False Stereo Faceplate

As a professional installer, every day I'm comfronted with people who faithfully remove their aftermarket stereo face but still have their stereo stolen. In the process of stealing the stereo, thieves also cause damage to the door and window and steal other items from the car.

If you still have - or can get - an original factory stereo, you can disassemble it and hollow out the face to use as a decoy. Then at least you have one less thing enticing someone to break in. This works really well on the 92-95 Civic because it has a deep recessed opening to support the false faceplate. Other cars will need more creative methods of attaching it.

alpine stereo

Here's your aftermarket stereo enticing bastard thieves to break into your car. If there's a nice stereo, there's probably some other nice equipment in the car too.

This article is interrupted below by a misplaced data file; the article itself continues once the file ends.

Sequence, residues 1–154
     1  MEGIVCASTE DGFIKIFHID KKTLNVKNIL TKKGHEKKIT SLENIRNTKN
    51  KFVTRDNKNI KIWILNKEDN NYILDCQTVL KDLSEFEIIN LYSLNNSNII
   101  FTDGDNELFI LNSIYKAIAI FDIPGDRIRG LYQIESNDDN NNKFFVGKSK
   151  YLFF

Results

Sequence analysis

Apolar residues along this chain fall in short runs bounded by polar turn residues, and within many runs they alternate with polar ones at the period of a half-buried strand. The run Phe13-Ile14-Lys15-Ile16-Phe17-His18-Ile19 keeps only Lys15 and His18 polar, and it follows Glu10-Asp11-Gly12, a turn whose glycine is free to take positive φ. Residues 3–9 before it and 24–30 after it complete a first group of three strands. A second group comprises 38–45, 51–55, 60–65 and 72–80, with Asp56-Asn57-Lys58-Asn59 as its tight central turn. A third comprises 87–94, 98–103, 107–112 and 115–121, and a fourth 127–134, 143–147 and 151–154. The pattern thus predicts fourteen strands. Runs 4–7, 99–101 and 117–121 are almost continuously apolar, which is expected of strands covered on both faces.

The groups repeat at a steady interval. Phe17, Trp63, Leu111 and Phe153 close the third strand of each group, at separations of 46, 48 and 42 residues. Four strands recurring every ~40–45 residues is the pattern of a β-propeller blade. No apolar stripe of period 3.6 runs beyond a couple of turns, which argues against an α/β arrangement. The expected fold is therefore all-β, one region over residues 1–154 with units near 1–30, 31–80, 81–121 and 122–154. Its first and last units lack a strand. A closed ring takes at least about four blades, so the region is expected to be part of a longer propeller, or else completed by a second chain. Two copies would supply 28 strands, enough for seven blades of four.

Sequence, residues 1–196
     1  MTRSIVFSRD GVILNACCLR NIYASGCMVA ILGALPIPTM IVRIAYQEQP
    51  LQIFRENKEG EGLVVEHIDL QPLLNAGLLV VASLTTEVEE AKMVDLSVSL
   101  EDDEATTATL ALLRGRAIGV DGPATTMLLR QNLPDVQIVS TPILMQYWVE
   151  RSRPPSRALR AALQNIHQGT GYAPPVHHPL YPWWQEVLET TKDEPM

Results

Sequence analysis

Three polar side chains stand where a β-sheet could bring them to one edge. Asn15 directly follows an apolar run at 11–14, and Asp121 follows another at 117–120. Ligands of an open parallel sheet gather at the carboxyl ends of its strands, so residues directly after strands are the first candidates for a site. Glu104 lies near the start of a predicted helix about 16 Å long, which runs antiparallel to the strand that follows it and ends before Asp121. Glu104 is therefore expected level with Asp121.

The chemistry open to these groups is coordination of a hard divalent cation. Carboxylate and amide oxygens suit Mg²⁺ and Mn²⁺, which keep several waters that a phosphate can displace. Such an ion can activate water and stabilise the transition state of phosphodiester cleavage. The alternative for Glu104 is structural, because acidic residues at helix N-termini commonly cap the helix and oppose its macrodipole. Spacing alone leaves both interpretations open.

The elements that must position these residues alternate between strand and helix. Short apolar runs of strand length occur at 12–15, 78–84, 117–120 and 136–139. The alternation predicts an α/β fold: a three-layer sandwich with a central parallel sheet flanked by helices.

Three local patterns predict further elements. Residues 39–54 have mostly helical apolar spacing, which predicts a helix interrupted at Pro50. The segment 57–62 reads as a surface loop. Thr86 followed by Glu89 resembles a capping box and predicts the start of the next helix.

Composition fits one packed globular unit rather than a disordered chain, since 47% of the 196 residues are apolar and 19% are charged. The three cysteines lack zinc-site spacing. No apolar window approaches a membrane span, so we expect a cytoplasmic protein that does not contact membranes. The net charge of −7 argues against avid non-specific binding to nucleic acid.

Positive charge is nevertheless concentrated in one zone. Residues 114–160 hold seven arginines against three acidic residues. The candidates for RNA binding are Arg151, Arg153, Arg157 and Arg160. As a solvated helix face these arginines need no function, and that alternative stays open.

front of false faceplate front of false faceplate

From the front there is no indication that the radio has been hollowed out. The circuitry behind the screen is now gone, but the bare aftermarket stereo behind it makes it look natural. All the buttons and knobs are fixed in place.

back of false faceplate back of false faceplate

Everything inside the face that was not visible from the front was removed and then hot glue was used to hold the buttons in place. ABS plastic was glued over the holes left by the cavities around the knobs. Then the knobs were glued on top. The height of the false faceplate was cut in half.

looks oem

This is the end result. Remove your aftermarket faceplate (but leave the trim ring) and rest the false oem faceplate on top. This may be enough to cause a thief to move on to another target.